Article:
►Leadership is working on the system Management is working in the system (M. AlZoubi).

A leader gets things done by holding a vision, modeling behaviors and inspiring action. A manager gets things done via planning and delegation (S. Slater).

Management is about ensuring a process is delivered efficiently and leadership is about influencing change (S. Chapple).

Leadership is vision and management is goals (D. Sandusky).

Leadership focuses more on the people side of the business, while management is more about systems and processes (D. Slayton).

A leader needs to know whether his vision is achievable, and works with the managers to ensure they can reach it (R.G. Smith).

People have to work for managers whereas people want to work with leaders (R. Jindani).

The book by J.P. Kotter on What Leaders Really Do is a collection of his acclaimed Harvard Business Review articles. His thoughts could be summed up as “Leaders lead people, managers manage tasks, work and processes.”

In the mortgage industry, there are many leaders and this is not subject to age. I know a person with several degrees, with all of the correct mortgage skills and has been in this industry for 30 years. Yet, this person is not a great leader. I also know several young people who have the ability to have great people attracted to them. Therefore, I do not believe age is relevant to whether someone is a great leader. A leader is someone who cares about their people and will do what is right no matter what.

In another Inc. Magazine article, it found that you may be a leader if:

1. You have an open mind and seek out other people's opinions.

2. You find yourself giving advice and counsel.

3. People count on you.

4. You're a good listener and people confide in you.

5. Others follow your example.

6. You insist on excellence.

7. You have a positive attitude.

8. You treat people with respect.

9. You genuinely care about others.

10. You are confident and passionate.

Can leadership be learned? I believe that it may be started at an early age by parents, teachers, coaches, etc. Surrounded by those who truly care for these early leaders, leaders are made. Can we become leaders? I believe that it depends on what your skillset is. Are you happiest and more comfortable in getting things to work well or is there a better, faster way. Can you do things in a manner that can excite other people or are you happy to do things the same way they have always been done?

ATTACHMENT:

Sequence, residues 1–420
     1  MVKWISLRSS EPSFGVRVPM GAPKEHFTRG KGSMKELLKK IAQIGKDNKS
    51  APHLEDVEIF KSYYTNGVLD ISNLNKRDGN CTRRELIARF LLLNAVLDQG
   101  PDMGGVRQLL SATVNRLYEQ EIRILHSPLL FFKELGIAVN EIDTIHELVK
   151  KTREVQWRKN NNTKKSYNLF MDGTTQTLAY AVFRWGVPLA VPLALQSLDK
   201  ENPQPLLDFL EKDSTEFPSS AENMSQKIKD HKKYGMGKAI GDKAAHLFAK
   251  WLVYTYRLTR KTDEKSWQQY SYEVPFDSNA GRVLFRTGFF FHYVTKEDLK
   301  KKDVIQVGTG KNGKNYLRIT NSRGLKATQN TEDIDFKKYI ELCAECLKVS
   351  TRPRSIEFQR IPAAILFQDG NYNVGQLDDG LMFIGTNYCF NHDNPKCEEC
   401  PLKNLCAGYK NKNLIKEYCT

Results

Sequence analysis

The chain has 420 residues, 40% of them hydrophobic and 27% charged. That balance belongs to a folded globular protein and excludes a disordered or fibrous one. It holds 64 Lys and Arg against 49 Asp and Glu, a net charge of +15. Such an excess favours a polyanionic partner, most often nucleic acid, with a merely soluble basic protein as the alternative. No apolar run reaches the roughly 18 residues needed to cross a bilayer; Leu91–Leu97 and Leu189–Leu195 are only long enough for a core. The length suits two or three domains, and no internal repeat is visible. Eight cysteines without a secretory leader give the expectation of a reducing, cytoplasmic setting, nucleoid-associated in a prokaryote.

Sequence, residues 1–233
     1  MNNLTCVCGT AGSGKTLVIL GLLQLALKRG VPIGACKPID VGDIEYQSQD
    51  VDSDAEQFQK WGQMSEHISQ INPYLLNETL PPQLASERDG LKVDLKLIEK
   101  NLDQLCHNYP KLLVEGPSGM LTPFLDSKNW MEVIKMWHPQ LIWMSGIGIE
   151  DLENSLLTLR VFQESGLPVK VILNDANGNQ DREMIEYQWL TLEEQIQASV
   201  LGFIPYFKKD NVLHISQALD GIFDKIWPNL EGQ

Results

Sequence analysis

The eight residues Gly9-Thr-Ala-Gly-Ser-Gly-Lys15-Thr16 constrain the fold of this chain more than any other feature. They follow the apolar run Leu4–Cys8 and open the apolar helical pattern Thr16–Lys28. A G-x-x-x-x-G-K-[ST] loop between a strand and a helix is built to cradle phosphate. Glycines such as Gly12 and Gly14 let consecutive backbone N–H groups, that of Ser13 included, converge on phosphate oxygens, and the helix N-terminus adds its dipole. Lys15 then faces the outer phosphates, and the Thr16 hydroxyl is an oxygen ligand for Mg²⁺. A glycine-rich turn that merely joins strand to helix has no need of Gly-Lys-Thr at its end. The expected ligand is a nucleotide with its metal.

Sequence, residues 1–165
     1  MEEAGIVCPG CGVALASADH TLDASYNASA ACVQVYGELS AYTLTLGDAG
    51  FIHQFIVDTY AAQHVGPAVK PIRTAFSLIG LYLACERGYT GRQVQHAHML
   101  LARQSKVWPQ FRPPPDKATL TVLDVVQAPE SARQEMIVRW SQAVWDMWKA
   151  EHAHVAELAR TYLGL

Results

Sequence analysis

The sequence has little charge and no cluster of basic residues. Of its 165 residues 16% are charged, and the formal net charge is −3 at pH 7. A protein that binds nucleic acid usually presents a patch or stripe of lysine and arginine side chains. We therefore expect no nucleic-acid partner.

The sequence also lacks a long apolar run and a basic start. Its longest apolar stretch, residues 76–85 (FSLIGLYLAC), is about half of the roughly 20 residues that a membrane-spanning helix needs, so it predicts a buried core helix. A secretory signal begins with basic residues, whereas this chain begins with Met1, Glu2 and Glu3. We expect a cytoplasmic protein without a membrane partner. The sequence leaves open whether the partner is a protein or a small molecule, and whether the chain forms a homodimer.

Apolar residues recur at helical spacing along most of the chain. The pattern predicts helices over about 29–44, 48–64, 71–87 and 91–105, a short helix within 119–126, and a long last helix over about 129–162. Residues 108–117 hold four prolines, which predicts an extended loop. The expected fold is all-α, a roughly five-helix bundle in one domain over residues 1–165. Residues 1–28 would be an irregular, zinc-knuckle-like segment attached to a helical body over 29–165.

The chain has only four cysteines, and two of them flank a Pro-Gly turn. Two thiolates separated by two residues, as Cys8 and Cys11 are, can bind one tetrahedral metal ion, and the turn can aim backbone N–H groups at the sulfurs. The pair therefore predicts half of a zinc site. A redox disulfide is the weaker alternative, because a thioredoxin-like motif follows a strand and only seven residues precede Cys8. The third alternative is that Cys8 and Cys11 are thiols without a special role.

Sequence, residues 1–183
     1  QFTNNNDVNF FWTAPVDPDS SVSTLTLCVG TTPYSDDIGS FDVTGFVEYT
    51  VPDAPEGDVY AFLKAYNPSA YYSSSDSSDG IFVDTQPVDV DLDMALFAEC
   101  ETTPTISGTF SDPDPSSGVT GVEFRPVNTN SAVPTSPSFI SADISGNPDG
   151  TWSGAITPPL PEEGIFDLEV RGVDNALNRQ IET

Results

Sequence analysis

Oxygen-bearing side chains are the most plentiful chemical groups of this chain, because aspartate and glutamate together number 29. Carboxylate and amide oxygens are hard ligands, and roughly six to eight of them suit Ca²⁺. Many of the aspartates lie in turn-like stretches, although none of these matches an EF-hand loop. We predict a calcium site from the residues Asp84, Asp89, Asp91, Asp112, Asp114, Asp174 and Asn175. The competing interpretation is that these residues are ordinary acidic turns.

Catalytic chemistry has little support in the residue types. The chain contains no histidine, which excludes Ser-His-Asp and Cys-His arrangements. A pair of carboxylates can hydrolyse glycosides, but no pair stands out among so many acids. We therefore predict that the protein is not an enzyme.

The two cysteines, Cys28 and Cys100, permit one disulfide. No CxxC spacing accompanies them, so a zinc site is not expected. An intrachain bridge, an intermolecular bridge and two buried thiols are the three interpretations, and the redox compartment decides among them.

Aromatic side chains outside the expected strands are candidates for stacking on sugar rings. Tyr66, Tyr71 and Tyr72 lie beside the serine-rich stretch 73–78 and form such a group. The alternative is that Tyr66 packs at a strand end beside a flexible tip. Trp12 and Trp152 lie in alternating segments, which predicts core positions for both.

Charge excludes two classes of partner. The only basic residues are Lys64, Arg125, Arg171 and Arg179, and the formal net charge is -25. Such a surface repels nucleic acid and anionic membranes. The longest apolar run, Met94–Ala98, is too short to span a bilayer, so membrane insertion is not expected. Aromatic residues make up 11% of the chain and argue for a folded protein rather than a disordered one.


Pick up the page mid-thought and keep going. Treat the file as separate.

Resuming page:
I remember a story about a young husband coming home to find his wife cooking a roast. When he inquired why she had cut the ends of the roast she answered, “That’s the way my mom did it.” Not completely satisfied with the answer, he asked his mother-in-law why she cut the ends off of her roasts. She answered, “That’s the way my mom did it!” Finally, he went to grandmother-in-law and asked, “Why do you cut the ends off of the roasts?” Finally, he received a different answer, she replied, “Because my pan is too short.”

Are we doing things “that way” because things have always been done that way (manager) or is there a better way? Leaders will find new, innovative and better ways of looking at this wonderful business we call the mortgage profession.

We had the NMLS in our office a few weeks ago. Hopefully, as our company’s leader, I am doing things right. We were told that we are highly ranked as a school, and if the trend continues and we accomplish some of our goals, we could be ranked even higher. Is this true of me as a leader or of the fantastic people in my company? I think it’s both the vision and highly motivated, intelligent people I get to associate with on a daily basis who are driving us forward as we break all of our previous records (our measure of performance). We are growing at a rate of 25-30 percent per year and have done so for the last five consecutive years.

Hopefully you can be that kid that others will want to follow. Hopefully you will be that company others will want to work with. Hopefully your time as a leader has begun or you are now ready for the next chapter in your career. Whatever the motivation, leaders can be made. Leadership can be learned and the benefits will be shared with your entire organization, big or small.

David Luna, CRMS, president of Mortgage Educators and Compliance, an NMLS-approved education provider, is a member of the board of directors of NAMB—The Association of Mortgage Professionals. He can be reached by phone at (801) 676-2520 or e-mail David@MortgageEducators.com.



Getting to Know: Valerie Saunders
Director, NAMB—The Association of Mortgage Professionals
By Phil Hall

Valerie Saunders is one of the most prominent figures in today’s mortgage profession. She is the president of Jacksonville, Fla.-based Title ClearingHouse, is the immediate past president of the Florida Association of Mortgage Professionals (FAMP) and a director with NAMB—The Association of Mortgage Professionals.

National Mortgage Professional Magazine spoke with Saunders regarding her career in the mortgage industry and her work with the state and national trade groups.

How did you first get into the mortgage profession? Was this your original career choice?
No, it was definitely not my original career choice! I was working on my master’s degree in historical administration, and I looked for a temp job—and I happened to get one in the mortgage industry. When I got my master’s degree, the jobs fell out of the arts field, so I stayed with mortgages.